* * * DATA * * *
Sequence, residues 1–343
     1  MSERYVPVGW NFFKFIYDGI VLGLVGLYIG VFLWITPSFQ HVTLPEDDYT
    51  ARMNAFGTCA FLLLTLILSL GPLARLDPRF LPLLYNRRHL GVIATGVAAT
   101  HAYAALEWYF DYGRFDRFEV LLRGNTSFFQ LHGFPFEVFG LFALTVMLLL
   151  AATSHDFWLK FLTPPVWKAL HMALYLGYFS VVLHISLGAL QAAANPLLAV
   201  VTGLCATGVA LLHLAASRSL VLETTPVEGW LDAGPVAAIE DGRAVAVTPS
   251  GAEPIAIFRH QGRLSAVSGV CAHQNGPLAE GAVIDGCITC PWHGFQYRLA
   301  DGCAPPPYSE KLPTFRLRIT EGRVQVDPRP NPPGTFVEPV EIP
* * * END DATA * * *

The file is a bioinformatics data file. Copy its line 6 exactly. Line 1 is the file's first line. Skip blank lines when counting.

   201  VTGLCATGVA LLHLAASRSL VLETTPVEGW LDAGPVAAIE DGRAVAVTPS